AOL's que-sera-sera treatment of aolsucks.com frustrates Kuhn. "Aolsucks.com even has an AOL logo, and its site is definitely derogatory."
In an initial response to AOL, Kuhn's attorney brought up aolsucks.com and also pointed out a number of other Web sites that use AOL in their names. What Kuhn and his lawyer didn't realize was that some on the list were in the same predicament as AdiosAOL, while others already belonged to America Online--either the company itself had registered the names, or it had assimilated them from other companies.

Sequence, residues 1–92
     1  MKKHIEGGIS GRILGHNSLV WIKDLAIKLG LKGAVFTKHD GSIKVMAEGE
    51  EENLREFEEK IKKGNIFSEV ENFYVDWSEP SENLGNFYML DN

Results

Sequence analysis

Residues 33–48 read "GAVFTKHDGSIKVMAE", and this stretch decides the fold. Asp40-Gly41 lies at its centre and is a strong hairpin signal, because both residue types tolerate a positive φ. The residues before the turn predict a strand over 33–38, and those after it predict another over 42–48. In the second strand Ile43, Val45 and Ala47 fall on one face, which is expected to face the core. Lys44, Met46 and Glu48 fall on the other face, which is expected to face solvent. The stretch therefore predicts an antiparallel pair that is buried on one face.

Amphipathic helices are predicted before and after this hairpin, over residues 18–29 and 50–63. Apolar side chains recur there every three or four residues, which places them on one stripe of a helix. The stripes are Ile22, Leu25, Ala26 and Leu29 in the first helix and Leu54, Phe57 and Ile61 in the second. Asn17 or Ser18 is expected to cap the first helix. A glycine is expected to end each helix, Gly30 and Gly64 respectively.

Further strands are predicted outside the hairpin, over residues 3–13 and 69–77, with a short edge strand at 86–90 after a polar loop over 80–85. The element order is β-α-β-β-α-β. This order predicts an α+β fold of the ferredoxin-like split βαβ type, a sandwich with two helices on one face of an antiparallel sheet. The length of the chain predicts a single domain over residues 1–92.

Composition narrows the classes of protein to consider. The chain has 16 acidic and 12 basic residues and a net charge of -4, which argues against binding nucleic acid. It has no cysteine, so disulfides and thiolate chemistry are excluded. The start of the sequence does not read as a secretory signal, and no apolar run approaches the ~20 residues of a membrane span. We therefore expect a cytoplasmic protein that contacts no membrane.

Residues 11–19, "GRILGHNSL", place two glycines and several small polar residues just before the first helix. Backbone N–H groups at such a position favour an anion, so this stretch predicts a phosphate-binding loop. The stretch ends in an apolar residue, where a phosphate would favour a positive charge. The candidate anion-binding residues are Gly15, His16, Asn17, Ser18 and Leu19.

And though Kuhn claims his site demonstrated no ill will toward AOL, the company may have reason to be offended by the AdiosAOL name, since it makes it sound like subscribers are leaving the company, a touchy subject within the Internet industry. Analysts and investors pay close attention to Internet service providers' "churn rates" (the percentage of customers who leave a service). Although a company may be quite good at registering a large volume of customers, it also needs to keep them. AOL doesn't release numbers but claims that its churn rate is at an all-time low. With its 14 million subscribers, however, even a small churn rate translates into a large number of users who have left the service and need a place to leave a forwarding address.